British actor Toby Kebbell has built an impressive career as one of the more versatile young actors working today, moving effortlessly from one genre to another with every project he takes on.
He recently starred as lead Orc, Durotan, in Legendary’s feature film “Warcraft,” and as the sinister ape Koba in “Dawn of the Planet of the Apes.” He’s currently in production on Legendary’s action adventure, “Kong: Skull Island,” which will be released in March 2017.
This August, Kebbell will be seen in Paramount Pictures’ epic action adventure “Ben-Hur” in the pivotal role of Messala, Ben-Hur’s adopted brother and best friend who sets him on his path for vengeance.
Directed by Timur Bekmambetov, “Ben-Hur” is the epic story of Judah Ben-Hur (Jack Huston), a prince falsely accused of treason by his adopted brother Messala, an officer in the Roman army. Stripped of his title and separated from his family and the woman he loves (Nazanin Boniadi), Judah is forced into slavery. After years at sea, Judah returns to his homeland to seek revenge, but finds redemption.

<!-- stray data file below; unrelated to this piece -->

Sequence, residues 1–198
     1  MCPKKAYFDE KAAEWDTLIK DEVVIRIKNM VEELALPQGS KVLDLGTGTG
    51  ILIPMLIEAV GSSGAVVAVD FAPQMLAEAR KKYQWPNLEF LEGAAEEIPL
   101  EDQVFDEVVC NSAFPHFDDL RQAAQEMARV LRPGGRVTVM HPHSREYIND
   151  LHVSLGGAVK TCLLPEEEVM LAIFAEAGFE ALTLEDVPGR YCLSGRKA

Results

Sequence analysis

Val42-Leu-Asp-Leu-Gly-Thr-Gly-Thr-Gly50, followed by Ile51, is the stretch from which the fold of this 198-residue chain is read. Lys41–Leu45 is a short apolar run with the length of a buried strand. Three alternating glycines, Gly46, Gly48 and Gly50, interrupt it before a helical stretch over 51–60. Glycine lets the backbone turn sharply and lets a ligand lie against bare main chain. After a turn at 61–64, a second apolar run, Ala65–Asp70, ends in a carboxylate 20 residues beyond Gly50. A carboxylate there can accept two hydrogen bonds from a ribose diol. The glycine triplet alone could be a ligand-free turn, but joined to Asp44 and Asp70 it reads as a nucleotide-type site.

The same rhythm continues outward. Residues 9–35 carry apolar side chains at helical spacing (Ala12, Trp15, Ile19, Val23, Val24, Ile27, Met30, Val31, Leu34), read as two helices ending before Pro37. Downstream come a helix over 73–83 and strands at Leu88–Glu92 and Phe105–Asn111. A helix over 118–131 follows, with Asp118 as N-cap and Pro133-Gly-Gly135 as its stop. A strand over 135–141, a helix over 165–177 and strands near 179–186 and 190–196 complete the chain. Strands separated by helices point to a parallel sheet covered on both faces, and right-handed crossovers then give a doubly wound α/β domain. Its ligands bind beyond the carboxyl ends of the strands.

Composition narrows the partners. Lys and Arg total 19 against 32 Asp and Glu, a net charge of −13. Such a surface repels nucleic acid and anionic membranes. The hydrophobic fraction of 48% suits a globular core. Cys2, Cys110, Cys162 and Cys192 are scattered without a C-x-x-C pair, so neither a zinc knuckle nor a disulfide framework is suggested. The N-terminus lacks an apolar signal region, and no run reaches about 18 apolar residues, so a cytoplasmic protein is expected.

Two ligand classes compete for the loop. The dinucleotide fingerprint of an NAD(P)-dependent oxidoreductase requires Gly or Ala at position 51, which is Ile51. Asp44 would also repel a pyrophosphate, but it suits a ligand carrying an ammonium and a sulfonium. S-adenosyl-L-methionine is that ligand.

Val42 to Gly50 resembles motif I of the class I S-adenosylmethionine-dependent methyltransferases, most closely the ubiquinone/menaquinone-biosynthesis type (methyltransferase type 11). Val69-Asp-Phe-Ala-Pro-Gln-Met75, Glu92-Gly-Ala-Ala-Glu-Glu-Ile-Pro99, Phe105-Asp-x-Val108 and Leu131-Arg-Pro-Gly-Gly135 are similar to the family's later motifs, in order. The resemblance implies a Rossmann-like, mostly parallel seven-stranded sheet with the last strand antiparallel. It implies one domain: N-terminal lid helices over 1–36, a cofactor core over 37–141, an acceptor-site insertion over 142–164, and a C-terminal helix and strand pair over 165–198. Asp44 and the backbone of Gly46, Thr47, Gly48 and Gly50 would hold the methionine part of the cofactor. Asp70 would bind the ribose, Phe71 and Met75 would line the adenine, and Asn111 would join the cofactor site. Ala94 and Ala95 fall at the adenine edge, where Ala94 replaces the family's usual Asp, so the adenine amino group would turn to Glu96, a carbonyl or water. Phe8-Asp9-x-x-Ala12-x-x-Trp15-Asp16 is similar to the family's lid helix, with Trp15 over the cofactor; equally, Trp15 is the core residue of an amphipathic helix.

“Toby brought a lot to the role of Messala,” producer Duncan Henderson explains. “The character was very interesting to begin with, but Toby was able to instill the character with his own innate sense of humor that he brings to set every day. Messala is a very dark character, but Toby’s portrayal gives him a certain lightness that just adds to his complexity.”
“Toby sizzles on screen,” comments producer Roma Downey. “Physically, he just brings it. He’s good looking. He’s grounded. He’s strong, and he inherently has such intelligence and depth. We believe that he loves Judah, and the thing that drives him through the second half of the movie is that love and disappointment.”
“When I met with Timur,” Kebbell recalls, “I realized this wasn’t just about a chariot race. This is a story about brothers, about family, how badly we sometimes treat the ones we love, and how often we need forgiveness. Everything we’re exploring is drawn from the original book.”
Kebbell concludes, “The roles of Ben-Hur and Messala are symbiotic. It was a fun challenge for us to play with the fraternal bond between these rivals. There’s love and there’s hate there, but give too much either way and you’ll lose the unique conflict that drives the film.”
Opening across the Philippines in August 17, “Ben-Hur” is distributed by United International Pictures through Columbia Pictures.